IN THE HARBOR
Now the fog was clearing and the mist was lifting, and the bright sunshine was struggling to penetrate the billows of damp vapor and touch with its glory the things of the world beneath. In the lower harbor there still was a chorus of sirens and foghorns, as craft of almost every description made way toward the metropolis or out toward the open sea.
The Manatee, tramp steamer with rusty plates and rattling engines and a lurch like that of a drunken man, wallowed her way in from the turbulent ocean she had fought for three days, her skipper standing on the bridge and inaudibly giving thanks that he was nearing the end of the voyage without the necessity for abandoning his craft for an open boat, or remaining to go down with the ship after the manner of skippers of the old school.
Here and there showed a rift in the rolling fog, and those who braved the weather and lined the damp rail could see other craft in passing.
A giant liner made her way past majestically, bound for Europe, or a seagoing tug clugged by as if turning up her nose at the old, battered Manatee.
Standing at the rail, and well forward, Sidney Prale strained his eyes and looked ahead, watching where the fog lifted, an eager light in his face, his lips curved in a smile, a general expression of anticipation about him.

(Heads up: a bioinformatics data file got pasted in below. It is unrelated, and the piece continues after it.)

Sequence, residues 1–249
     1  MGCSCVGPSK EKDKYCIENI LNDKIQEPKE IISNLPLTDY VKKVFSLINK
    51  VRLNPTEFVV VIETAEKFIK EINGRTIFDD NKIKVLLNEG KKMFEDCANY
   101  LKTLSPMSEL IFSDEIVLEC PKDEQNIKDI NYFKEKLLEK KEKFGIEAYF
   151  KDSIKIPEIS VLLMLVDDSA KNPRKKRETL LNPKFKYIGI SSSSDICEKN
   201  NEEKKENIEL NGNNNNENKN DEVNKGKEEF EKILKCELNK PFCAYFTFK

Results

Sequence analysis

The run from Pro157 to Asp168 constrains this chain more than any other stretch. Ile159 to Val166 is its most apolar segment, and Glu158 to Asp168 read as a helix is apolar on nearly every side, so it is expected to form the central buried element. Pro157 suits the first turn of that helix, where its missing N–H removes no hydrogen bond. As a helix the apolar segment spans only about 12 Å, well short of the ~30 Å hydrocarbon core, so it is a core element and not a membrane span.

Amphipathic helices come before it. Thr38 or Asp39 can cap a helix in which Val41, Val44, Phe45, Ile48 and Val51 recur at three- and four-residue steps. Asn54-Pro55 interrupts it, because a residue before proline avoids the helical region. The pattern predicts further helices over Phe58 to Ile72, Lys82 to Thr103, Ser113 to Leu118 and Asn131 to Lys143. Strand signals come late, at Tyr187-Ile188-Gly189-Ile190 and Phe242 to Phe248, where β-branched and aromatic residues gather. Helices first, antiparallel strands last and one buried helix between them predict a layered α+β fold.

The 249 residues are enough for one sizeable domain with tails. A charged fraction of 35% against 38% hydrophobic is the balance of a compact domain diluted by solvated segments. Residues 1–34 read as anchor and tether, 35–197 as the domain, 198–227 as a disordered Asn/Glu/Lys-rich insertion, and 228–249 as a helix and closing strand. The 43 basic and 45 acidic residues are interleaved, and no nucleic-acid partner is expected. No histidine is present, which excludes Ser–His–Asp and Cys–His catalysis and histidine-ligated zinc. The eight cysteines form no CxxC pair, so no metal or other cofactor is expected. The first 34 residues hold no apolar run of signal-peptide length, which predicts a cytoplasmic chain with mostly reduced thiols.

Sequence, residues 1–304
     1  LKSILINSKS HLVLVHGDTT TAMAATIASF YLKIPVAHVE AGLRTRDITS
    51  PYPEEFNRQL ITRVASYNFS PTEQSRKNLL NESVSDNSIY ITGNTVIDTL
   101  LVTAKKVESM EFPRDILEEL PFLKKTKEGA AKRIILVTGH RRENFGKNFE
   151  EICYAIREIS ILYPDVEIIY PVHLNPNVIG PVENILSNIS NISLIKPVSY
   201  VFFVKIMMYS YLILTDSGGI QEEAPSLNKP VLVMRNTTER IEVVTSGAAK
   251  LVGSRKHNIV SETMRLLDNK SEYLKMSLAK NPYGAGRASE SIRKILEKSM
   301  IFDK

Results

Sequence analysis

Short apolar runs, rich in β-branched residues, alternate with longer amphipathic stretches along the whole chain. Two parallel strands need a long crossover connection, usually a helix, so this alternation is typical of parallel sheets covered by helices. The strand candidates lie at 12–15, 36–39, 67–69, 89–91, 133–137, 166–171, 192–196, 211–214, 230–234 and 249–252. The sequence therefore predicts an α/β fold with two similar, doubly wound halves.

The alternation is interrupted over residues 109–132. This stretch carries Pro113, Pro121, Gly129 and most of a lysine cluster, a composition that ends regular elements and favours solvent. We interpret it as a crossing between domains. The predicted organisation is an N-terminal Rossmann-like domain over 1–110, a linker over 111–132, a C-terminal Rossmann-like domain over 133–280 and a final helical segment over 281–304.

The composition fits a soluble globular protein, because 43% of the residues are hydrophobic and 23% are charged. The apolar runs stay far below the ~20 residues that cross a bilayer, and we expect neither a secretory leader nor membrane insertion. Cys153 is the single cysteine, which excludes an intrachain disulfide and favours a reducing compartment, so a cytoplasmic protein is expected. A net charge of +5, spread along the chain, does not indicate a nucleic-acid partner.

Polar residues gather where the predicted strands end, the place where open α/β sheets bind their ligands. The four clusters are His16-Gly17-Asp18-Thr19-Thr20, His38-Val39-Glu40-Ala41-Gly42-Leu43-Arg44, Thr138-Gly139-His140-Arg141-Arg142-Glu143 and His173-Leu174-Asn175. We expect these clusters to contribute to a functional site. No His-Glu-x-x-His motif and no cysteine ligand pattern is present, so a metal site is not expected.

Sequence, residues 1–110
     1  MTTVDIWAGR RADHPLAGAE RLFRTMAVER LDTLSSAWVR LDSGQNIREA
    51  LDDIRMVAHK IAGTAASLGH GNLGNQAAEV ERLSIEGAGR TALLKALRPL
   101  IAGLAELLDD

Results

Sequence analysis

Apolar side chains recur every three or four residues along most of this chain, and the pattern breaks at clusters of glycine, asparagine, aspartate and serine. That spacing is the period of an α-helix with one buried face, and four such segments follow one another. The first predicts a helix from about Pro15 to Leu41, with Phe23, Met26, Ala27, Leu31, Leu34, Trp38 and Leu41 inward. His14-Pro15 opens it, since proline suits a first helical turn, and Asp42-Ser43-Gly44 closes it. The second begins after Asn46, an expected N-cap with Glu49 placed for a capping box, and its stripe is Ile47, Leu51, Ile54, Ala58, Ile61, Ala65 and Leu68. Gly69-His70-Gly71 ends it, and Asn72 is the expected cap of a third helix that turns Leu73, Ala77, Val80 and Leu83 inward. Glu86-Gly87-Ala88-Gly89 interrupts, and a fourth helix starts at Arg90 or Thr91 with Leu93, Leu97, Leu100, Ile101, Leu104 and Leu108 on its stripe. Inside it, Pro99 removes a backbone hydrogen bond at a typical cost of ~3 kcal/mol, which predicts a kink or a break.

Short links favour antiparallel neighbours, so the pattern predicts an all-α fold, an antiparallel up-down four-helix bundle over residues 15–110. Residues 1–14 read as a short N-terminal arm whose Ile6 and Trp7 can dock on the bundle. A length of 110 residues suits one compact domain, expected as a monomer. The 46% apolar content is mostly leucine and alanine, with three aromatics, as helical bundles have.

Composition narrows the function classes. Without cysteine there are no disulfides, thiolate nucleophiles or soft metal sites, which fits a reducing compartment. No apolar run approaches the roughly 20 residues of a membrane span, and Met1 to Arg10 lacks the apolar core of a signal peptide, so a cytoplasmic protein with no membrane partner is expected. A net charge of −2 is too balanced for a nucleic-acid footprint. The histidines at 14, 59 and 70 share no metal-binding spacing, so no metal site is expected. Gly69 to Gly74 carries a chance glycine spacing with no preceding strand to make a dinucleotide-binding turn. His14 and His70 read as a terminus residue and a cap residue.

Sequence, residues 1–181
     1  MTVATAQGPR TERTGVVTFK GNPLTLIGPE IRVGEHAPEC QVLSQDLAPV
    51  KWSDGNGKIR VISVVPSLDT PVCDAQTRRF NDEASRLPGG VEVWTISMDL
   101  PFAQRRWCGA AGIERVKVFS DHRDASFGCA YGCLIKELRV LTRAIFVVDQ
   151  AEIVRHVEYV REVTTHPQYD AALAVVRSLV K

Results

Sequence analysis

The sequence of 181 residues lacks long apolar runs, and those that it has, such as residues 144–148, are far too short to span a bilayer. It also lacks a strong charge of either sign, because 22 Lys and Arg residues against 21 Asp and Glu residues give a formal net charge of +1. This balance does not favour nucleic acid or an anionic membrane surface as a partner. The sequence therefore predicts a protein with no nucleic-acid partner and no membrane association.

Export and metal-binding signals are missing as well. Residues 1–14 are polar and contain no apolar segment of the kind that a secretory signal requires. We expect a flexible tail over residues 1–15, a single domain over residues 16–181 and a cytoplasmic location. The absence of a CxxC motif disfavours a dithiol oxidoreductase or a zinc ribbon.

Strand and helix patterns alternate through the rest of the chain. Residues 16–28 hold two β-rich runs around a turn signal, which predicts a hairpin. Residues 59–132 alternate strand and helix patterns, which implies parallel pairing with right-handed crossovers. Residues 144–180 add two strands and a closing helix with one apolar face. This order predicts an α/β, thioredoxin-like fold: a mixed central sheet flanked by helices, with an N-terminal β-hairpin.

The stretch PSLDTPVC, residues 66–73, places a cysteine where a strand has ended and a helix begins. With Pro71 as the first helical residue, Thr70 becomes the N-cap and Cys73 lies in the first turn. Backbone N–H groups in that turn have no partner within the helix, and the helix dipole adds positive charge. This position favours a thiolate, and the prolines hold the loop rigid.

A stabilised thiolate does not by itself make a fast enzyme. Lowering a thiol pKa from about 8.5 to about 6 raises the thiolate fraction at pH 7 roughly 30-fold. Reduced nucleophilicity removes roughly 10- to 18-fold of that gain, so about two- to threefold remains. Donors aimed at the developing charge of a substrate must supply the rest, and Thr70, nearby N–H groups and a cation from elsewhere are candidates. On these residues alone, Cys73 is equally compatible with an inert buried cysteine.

Sidney Prale himself was not bad to look at. Thirty-eight he was, tall and broad of shoulder, with hair that was touched with gray at the temples, with a face that had been browned by the weather. Sidney Prale had the appearance of wearing clothes that had been molded to his form. He had a chin that expressed decision and determination, lips that could form in a thin, straight line if occasion required, eyes that could be kind or stern, according to the needs of the moment. A man of the world would have said that Sidney Prale was a gentleman of broad experience, a man who had presence of mind in the face of danger, a man who could think quickly and act quickly when such things were necessary.
He was not alone at the rail—and yet he was alone in a sense, for he gave no one the slightest attention. He bent over and looked ahead eagerly, waving a hand now and then at the men on passing craft, like a schoolboy on an excursion trip. He listened to the bellowing sirens and foghorns, drank in the raucous cries of the ship's officers, strained his ears for the land sounds that rolled now and then across the waters.
"It's great—great!" Sidney Prale said, half aloud.
He bent over the rail again. A hand descended upon his shoulder, and a voice answered him.
"You bet it's great, Prale!"
Sidney Prale's smile weakened a bit as he turned around, but there was nothing of discourtesy in his manner.
"You like it, Mr. Shepley?" he asked.
"Do I like it? Does Rufus Shepley, forced to run here and there around the old world in the name of business, like it when he gets the chance to return to New York? Ask me!"
"I have my answer," Prale said, laughing a bit. "And judge, then, how I like it—when I have not seen it for ten years."
"Haven't seen New York for ten years?" Rufus Shepley gasped....